Tuesday, November 09, 2004

My secretary is having a fit about my billing records this week. Apparently I accidentally recorded an hour more than I was in the office last Friday. I write my time on a sheet of paper and hand it to my secretary at the end of the day for her to input into the system. We have an electronic system on the computer. I don't know how to use it. I try to be good about my billing but it's hard to be accurate all the time. You start thinking about other things when you sit down to do work, and before you know it, a tenth of an hour has passed and you really haven't gotten anything done. I take turns with which clients get charged for my weblog time. Usually I pick the ones who don't read the bills too carefully. There are two types of clients when it comes to bills. One type demands a detailed printout from us and labors over every line. I get phone calls, "why did it take your associate two hours to research that issue?" And if we don't report in enough detail that they know what we're doing, I get phonecalls about that. Then there are some clients that don't care, we send them one sheet of paper with a big number on it and they pay it. And obviously we know which is which. When there's time that doesn't look right, it may not be fair, but it gets a lot less scrutiny on our end when we know the client isn't reading. I once billed for a dream I had about a client. More like a nightmare.

I don't think that a partner at a major law firm would confess on a web log to defrauding his clients. AL is probably completely fictional, but I wonder if he is so depressed that he wants to be caught, exposed and fired. Most likely, AL is a fictional character who is so depressed that he wants to be caught, exposed and fired. All in all it's been a great run - and whoever writes this is obviously extremely talented (and it's a shame if those talents are going to waste in corporate law, frankly). But we're getting a little too cliched here - I mean in two weeks the guy's wife has left him AND he's decided to admit to billing fraud. That's bordering a little too much on parody.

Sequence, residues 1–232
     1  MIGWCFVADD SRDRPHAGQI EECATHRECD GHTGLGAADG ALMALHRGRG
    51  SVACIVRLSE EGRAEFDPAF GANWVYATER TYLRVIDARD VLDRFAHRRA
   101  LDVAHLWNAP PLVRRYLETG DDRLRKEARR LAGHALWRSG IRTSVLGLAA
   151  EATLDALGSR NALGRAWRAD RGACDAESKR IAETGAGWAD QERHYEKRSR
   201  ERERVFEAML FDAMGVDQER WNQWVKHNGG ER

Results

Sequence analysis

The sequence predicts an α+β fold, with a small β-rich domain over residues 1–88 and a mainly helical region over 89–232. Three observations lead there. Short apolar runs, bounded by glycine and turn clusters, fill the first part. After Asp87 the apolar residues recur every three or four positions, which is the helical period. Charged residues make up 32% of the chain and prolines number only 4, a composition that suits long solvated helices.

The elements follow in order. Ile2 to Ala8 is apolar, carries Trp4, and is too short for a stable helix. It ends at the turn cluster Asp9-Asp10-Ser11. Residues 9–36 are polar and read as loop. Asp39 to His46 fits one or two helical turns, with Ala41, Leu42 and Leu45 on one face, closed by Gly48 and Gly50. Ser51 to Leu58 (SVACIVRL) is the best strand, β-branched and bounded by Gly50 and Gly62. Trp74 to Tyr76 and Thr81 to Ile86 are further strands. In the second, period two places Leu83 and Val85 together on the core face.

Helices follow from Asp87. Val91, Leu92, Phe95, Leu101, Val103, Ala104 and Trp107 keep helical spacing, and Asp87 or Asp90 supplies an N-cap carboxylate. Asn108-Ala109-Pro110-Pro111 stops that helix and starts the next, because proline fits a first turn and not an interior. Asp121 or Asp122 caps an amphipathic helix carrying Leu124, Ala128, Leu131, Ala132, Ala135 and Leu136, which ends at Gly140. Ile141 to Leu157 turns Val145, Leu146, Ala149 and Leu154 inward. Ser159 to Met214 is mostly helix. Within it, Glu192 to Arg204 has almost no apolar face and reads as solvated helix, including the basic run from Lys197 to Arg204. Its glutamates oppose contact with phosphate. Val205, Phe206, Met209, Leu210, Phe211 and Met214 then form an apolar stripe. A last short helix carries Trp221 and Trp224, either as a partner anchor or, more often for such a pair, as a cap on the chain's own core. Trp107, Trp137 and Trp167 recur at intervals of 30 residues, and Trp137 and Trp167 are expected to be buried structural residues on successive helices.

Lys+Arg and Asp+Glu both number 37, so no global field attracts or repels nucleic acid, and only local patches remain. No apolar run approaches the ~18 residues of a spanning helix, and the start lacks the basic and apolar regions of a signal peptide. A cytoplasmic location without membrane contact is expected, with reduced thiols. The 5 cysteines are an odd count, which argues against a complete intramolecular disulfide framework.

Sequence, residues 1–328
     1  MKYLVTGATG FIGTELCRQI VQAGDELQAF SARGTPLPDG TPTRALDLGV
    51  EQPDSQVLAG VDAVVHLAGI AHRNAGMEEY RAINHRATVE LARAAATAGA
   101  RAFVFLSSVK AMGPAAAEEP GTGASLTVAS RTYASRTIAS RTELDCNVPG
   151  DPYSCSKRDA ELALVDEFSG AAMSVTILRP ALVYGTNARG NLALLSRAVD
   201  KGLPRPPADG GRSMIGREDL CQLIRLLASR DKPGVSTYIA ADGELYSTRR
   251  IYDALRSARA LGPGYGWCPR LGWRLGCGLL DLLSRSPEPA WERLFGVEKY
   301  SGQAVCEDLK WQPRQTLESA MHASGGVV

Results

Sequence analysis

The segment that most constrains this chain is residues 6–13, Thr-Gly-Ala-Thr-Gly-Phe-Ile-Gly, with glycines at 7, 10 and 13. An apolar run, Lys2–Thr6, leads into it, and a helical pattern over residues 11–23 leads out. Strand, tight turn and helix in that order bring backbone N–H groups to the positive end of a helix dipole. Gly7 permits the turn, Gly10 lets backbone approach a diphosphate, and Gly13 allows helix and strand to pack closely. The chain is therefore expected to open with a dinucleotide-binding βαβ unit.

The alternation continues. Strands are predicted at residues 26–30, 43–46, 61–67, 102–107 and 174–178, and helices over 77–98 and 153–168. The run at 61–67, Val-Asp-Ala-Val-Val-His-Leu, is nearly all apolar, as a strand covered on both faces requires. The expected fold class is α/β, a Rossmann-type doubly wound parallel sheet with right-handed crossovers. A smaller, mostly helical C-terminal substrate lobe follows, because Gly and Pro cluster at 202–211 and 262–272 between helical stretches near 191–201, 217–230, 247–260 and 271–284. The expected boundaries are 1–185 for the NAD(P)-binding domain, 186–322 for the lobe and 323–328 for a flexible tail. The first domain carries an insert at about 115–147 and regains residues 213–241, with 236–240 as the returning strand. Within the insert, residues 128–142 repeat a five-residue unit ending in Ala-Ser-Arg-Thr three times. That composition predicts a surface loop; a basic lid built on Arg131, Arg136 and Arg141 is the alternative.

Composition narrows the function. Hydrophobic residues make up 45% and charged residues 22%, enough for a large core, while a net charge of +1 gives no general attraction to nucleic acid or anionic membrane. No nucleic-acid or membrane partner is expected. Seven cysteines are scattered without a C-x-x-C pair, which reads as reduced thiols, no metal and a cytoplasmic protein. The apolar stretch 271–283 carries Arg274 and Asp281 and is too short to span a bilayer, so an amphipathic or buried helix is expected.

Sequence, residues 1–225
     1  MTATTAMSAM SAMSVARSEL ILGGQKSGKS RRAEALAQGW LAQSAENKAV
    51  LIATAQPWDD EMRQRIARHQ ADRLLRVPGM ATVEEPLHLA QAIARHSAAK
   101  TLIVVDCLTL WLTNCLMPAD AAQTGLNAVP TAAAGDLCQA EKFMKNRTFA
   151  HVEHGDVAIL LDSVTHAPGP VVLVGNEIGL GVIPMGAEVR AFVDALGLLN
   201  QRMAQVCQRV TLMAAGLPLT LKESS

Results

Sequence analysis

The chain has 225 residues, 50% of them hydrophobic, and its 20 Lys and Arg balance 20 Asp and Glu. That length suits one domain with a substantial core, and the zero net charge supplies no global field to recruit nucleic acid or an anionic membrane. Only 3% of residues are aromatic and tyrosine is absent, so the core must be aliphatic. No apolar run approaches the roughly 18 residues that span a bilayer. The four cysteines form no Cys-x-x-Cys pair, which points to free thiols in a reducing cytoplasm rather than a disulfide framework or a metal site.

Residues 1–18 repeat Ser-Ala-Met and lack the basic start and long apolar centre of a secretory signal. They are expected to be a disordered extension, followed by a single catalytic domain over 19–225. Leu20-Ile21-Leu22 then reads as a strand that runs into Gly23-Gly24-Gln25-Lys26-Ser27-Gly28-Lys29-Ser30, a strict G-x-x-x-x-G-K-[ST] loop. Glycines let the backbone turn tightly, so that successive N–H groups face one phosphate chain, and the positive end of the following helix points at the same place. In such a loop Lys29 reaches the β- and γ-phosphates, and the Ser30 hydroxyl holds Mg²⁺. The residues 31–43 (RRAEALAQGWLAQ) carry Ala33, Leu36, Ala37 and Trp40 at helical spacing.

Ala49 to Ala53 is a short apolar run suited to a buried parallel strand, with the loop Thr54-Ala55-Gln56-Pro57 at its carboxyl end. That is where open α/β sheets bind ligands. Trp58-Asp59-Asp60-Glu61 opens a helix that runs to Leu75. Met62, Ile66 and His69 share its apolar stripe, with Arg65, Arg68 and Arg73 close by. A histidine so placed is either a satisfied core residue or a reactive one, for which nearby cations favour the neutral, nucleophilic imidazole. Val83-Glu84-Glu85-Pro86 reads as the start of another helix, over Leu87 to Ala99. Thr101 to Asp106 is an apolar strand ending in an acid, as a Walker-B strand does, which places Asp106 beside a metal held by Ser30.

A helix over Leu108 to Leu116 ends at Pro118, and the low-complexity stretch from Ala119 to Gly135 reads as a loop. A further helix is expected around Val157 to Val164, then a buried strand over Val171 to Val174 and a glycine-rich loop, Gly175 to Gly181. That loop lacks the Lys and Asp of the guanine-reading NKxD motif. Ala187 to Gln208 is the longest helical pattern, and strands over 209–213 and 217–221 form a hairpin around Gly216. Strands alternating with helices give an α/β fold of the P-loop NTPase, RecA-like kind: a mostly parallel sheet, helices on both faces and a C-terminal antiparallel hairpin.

There was a commenter a few days back who theorized that AL is a woman. I agree - I think AL is a young woman who works at a big law firm - probably as an associate but possibly as a paralegal/legal assistant. (AL just seems to know too much about legal recruiting not to have gone to law school.)

Still, I'll read it every day - in part because I don't know FOR SURE that AL isn't real. I love this blog.
Good billing records should read like Balzac.
Hey 8:19, you're working pretty hard on something fairly irrelevant. Who cares if AL is real (the title of the blog says fictional)? You're reading a weblog, remember, not high literature. Chill out and enjoy.
10:27, 8:19 here. True, but I spend all day working hard on stuff that is pretty irrelevant; at leat this borders on interesting.
Oh, come on - isn't this an easy one, as to who AL is?

Cheating spouse, high-level legal background, one child, not particularly concerned with legal rules, but definitely concerned with legal status.

Answer: Hillary Clinton. (Ducks.)
Now we know AL is a fraud because he said this: "I write my time on a sheet of paper and hand it to my secretary at the end of the day for her to input into the system."

How can he hand his timesheets to his secretary AT THE END OF THE DAY if his day usually ends at 8 or 10 or midnight? It's possible there are secretaries there late at night on some sort of rotation assignment, but it is doubtful that he would hand a night secretary his timesheets when his full-time secretary would be the one to handle this type of thing.

Of course, AL could just rebuke this by saying he is referring to the end of the day for his full-time secretary which is probably 5:30, at which time he comes out of his office and hands the bitch his sheets. That would make perfect sense, but for some reason I can't imagine AL being so considerate to his support staff.
Hey 10:07, didn't you see the post where he said he was shagging his secretary? That's when the end of the day comes, no pun intended.
10:07 Too true. IRL his secretary would have no idea how many hours he was in the office. He would get in earlier and stay later -- but this isn't real life, just a remarkable simulation. Vrai faux.

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